Sucker Punch and Sony Interactive Entertainment have done it, they’ve finally dropped a Samurai game. As is common with most big first party exclusives Ghost of Tsushima was announced many moons ago, so long ago in fact that my hype had almost died, but we have extra hype here at GameHype HQ specifically for these drawn out release dates.
Right off of the bat I’m getting this out of the way ‘It’s a samurai Assassins Creed’, do they share similarities yes, do they also differ in quality to such a degree that lumping Ghost of Tsushima in with that bloated corpse of a franchise undermines the work and effort of Sucker Punch, by the Kami yes!
Ghost of Tsushima is a love letter you old Samurai cinema, there’s even and option to play the game in black and white respectfully called ‘Kurosawa Mode’. For many of you this won’t need explaining but for those of us not as well versed in Samurai pop culture, Kurosawa mode is named after the legendary Japanese director and makes the game black and white with a grainy cinema texture over the top. It’s bloody fantastic; you’re able to switch this on and off at will from the options menu, something I did continually for the first few hours of the game. Eventually I settled for Kurosawa during action and full colour for exploration, this meant I had a great balance between the game looking “cool” and not missing out on the beautifully designed Flora and Fauna of Tsushima. As well as this visual option you’re also asked to choose your audio preferences. In keeping with the Japanese Cinema vibe I opted to play the game with Japanese Dialogue and English subs. The invading mongols obviously don’t speak Japanese (for the most part), the Mongolian Language isn’t translated adding even more to the feeling of an invading alien culture.
This review is going to be light on plot spoilers as firstly, they are called ‘Spoilers’ for a reason and secondly, at its core Ghost of Tsushima is your pretty standard Samurai revenge story. The Mongolians invade the island of Tsushima with the aim of using it as a beachhead to conquer the rest of Japan. The islands noble and most honourable Samurai meet this invading horde with their usual honour, however the Mongolians and their leader Khotun Khan care not for honour and the Samurai are slaughtered almost to a man.
Jin is presumed dead and left on the battlefield, only to awaken after being rescued and nursed back to health by Yuna, a honourless thief, with her own motives for this sudden magnanimous act.
I don’t call the main plot ‘standard’ to undermine the story at all but rather to point out that the true story of Ghost of Tsushima is the journey you will go on as Jin Sakai. Jin struggles to adhere to the Samurai code, Samurai honour is predictable and the cunning Khotun has already exploited this at heavy cost to Jin and his people, meaning that other less honourable tactics may be called for. What is more important to Jin, saving his people or living by the code of honour that is the very basis of his entire culture?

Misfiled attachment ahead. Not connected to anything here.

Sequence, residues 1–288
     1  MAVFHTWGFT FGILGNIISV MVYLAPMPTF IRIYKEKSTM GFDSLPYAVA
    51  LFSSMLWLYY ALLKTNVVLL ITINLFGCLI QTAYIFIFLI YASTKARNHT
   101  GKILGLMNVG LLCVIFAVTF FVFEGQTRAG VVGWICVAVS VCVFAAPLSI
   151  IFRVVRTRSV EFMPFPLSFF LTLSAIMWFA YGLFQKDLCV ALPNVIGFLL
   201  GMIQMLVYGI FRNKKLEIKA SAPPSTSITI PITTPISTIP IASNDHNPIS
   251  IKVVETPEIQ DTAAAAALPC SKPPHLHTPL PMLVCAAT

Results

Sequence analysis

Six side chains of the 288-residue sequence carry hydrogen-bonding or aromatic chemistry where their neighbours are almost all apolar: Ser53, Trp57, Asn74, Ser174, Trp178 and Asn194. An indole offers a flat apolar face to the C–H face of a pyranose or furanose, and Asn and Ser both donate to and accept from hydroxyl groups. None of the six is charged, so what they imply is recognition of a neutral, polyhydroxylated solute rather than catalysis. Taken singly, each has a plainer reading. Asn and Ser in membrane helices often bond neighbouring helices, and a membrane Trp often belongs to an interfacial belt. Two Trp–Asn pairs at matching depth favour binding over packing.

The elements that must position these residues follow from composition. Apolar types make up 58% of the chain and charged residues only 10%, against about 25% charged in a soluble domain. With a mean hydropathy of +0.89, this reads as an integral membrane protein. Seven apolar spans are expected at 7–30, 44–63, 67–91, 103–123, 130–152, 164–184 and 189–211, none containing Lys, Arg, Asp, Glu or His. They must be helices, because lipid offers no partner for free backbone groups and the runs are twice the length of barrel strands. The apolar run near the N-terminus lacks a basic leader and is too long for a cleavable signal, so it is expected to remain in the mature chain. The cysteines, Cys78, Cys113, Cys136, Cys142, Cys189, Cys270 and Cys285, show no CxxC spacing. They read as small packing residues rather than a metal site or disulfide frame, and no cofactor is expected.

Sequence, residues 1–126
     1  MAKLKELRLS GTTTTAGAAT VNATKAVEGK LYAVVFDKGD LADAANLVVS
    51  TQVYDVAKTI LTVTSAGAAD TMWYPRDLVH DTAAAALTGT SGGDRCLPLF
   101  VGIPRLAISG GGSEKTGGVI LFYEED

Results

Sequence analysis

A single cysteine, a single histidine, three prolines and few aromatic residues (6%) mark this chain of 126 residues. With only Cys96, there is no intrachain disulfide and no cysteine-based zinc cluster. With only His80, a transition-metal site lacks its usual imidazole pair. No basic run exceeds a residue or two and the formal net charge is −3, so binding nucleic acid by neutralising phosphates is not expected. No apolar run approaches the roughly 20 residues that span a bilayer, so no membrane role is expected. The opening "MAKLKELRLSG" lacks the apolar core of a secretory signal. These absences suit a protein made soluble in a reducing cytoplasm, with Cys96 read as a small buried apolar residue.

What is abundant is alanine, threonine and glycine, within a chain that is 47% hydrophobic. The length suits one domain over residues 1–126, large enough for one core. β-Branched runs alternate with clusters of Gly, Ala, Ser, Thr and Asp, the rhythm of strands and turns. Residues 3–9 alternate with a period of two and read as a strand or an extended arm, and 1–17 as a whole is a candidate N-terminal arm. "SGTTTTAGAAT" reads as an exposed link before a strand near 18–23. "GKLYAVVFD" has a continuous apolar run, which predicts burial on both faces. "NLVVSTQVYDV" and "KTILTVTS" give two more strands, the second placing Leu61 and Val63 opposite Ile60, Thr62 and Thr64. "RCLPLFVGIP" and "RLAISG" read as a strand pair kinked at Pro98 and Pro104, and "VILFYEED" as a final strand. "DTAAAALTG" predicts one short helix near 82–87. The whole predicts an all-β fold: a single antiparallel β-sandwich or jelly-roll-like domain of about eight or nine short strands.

In this regard Ghost of Tsushima evokes memories of Red Dead Redemption 2, in the sense that it’s a character struggling to come to terms with a changing world and their place within it.
Now, this struggle actually comes into play within Ghost of Tsushima’s gameplay. Immediately the game sets out the importance of honour and the detestable lack of it the Mongolians display. Their brutish savagery perfectly mirrors the stoic respectful will of the Samurai.
I’ve always preferred Ninja to Samurai, sneaking about and silently dispatching an foe, oblivious to their demise until my blade drags that final breath from their lungs…but so effectively is the importance of honour displayed in the opening cutscene that I immediately disregarded any notion of striking from the shadows, each of these barbarous swines would die having seen the contemptuous disgust in my eyes.
The game forces you at times to dishonour yourself, while it’s needed for Jin’s character arc it felt restrictive to me, I wanted to uphold the Samuari code of honour, the narrative is at times written to justify such actions, for example, if the mongols spot you they will kill all their prisoners so you have to perform stealth kills. I’d of preferred a non-leatal stealth option, or the ability to out manuever my foes until I had saved the prisoners and could then face my foes honestly. If I’d wanted to skulk in shadows and strike unseen I’d just go back and play some classic Tenchu.
The island of Tsushima is beautifully rendered and dozens of times I’ve stopped to just stare in awe at the beauty on the screen. The isle of Tsushima is beautiful and surprisingly varied, from the bamboo forests, to coast lines and woodland paths littered with cherry blossom. I can’t praise the world anymore from a visual perspective. The adage that a picture is worth a thousand words is one I’ve often rebelled against having a writers ego an all, but Ghost of Tsushima proves the cliche true.